A more intense example of this in the UK is the time of the Industrial Revolution, for the social order of the day was rife with strife. Inequality, social injustice, poverty, disease, prostitution, hunger, murder was the common lot. If ever there was a time desirous of change it was then. It was the perfect setting for revolution or religion, but instead of communism a new religious wave swept across the country as the Nonconformists received a new lease of life. Faith in Jesus meant a new order to things. No cheating was allowed and a high moral stance was adopted. A fair day’s wage for a fair day’s work was a slogan of the times – that same work ethic being expressed by the nonconformists of Methodism, the Quakers and the Baptists. Mutual Insurance and Investment companies grew out of helping one another. Fortunes were made by such nonconformists as McAdam, Sainsbury, Rank and Cadbury. There was the move to abolish slavery, end child labour – especially working in the mines, the emancipation of women, evangelise the world on the back of imperial exploration and many, many new and exciting inventions stemming from that spiritual awakening. The Kingdom of God had to be built as a physical reality, until that vision was shattered by the First World War!

 

Perhaps the ordinary person felt they had more power and choice in Victorian times. There are many examples of people finding a personal vision and pursuing it through to some kind of conclusion, and I am not thinking especially of the Clapham sect members, the Oxford Movement adherents or such individuals as Isambard Kingdom Brunnel and the like, but the many earnest and committed people who saw possibilities to better their lot, set modest goals in life and worked hard to achieve them. I am sure that, once again, it was the ordinary folk who probably desired nothing more than a quiet and prosperous life that tried to keep their heads down and not be noticed by the authorities of pulpit or preacher, imperialist statesman, entrepreneur or land owner, making the best of their lot. They had to weather the storms of change, no matter what leanings or opinions they quietly harboured.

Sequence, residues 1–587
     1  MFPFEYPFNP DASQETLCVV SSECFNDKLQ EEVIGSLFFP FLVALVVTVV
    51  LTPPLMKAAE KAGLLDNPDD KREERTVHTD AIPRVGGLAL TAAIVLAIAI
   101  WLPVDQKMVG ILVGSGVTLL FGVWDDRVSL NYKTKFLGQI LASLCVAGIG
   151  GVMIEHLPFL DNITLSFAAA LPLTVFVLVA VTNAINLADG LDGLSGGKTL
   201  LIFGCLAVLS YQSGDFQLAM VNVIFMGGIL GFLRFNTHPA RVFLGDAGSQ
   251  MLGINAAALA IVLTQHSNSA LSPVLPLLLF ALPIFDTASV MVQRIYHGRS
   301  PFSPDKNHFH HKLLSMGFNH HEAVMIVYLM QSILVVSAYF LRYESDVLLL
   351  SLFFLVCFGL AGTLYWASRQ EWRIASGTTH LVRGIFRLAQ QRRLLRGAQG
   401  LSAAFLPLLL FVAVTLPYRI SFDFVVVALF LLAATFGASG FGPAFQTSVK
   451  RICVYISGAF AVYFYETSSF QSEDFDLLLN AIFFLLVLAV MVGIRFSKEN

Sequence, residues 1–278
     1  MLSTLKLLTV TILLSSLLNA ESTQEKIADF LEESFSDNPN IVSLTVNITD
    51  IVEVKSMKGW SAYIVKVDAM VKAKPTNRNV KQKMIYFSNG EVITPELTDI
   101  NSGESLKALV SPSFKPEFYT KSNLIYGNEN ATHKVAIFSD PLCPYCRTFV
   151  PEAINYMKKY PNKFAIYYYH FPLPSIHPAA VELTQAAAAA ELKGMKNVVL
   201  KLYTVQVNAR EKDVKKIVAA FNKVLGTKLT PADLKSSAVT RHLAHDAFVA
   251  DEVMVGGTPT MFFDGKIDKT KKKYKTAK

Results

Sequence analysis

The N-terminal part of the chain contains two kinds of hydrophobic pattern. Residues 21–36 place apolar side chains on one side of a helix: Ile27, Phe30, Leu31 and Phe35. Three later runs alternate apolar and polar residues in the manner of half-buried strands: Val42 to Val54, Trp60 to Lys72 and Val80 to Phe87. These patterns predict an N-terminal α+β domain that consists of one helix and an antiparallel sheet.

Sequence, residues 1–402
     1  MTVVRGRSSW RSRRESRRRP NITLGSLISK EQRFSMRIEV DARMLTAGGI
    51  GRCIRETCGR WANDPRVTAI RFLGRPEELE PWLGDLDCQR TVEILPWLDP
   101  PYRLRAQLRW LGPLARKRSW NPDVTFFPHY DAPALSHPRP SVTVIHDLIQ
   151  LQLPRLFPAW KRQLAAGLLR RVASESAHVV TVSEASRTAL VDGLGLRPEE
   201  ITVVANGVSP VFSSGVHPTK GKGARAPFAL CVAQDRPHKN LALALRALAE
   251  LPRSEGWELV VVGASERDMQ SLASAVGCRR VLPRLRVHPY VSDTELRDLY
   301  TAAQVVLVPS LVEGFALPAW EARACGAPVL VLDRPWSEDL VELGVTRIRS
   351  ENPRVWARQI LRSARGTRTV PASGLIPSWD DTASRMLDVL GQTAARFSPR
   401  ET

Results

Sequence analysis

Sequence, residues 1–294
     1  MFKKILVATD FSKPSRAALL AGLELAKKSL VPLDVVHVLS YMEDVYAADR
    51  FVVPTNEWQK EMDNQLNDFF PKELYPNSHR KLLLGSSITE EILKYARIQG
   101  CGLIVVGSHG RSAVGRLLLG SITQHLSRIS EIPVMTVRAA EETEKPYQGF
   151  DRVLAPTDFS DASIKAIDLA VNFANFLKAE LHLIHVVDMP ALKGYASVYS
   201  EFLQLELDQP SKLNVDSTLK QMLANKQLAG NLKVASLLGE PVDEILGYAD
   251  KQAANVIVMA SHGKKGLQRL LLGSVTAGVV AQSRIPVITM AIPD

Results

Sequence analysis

I suggest that whenever there has been the need to express an emerging spirituality in some form or other because the existing expression was moribund then there has been the foundation of a new movement for change in society. Or to put it the other way round, whenever the ills of society have provoked such unrest that they demand a fundamental change, then the strength to carry this out has been found in a new religious expression – we have a chicken and an egg situation.

 

And what of today?

 

I believe the West has lost its soul.

 

I see daily evidence of growing social unrest or disease. Respect for each other’s property, ideas, religion and even life itself, is dimming with each passing year. Dissatisfaction with government, sleaze, corrupt officials, apathy in elections and abrogation in leadership is exposed in growing abundance. Criminality is more likely the norm than the exception. We are even being advised NOT to help our neighbour, particularly those under attack as murder and knife attack are daily occurrences. On a wider scale there is genocide, famine, natural disasters, global warming, shortage of fuel, terrorism, and mounting economic fragility. And in all this the traditional churches are deafeningly silent.

 

I believe the traditional Christian expression is bewildered by its navel gazing. Debate on Homosexuality and Women Bishops take precedence over concern for a world that is tired and spiritually bankrupt. I believe that the stage is being set for great changes once again.

 

Nature abhors a vacuum and I see that vacuum in the lack of spirituality in the Western world of today. New Age philosophies are being tried and generally found wanting or lacking cohesive authority. Old religious ideas are being revamped, but with a more militant stance. There is a rise of Christian Evangelism as well as a more militant Islam, but I do not think that any of these truly answers the growing quest for spiritual peace and understanding by the vast majority. There is a desperation for someone to do something or say something that will truly help.

 

Change is in the air. Change – great change is inevitable. You do not have to be a scholar of Nostradamus or biblical prophecy to see this coming, yet I believe a New Messiah or great political saviour is being desperately sought by many. I do not want to see such a figure for rather than see a saviour I would tend to see a herald of that change, and all the implications inherent in that role.

 

There is growing social unrest amid a climate of vulnerability, there is a desperately seeking a spiritual something, and these two together spell trouble. I am worried for my children and their children. Once again I am sure that the average person will find themselves caught up in things beyond their control, pawns to the power struggles of avaricious politicians and company conglomerates. It is always the extremist who calls the shots, who dictates the policy or politically correct line, who clamours for blood and examples of those who speak against them. We are living in a time when political correctness and religious intolerance battle things out. The tolerant are forgotten, the respectful trodden underfoot, and money still speaks the loudest. It is always the moderate or ordinary folk who bear the brunt of change.

 

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I think of myself as an ordinary person. I am not happy! I am waiting and I am apprehensive. I am not looking forward to the near future.

John